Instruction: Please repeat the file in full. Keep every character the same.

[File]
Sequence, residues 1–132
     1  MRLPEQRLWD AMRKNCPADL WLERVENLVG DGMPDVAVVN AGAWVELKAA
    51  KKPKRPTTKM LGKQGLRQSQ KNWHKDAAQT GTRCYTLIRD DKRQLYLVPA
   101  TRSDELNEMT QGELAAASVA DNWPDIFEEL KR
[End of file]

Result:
Sequence, residues 1–132
     1  MRLPEQRLWD AMRKNCPADL WLERVENLVG DGMPDVAVVN AGAWVELKAA
    51  KKPKRPTTKM LGKQGLRQSQ KNWHKDAAQT GTRCYTLIRD DKRQLYLVPA
   101  TRSDELNEMT QGELAAASVA DNWPDIFEEL KR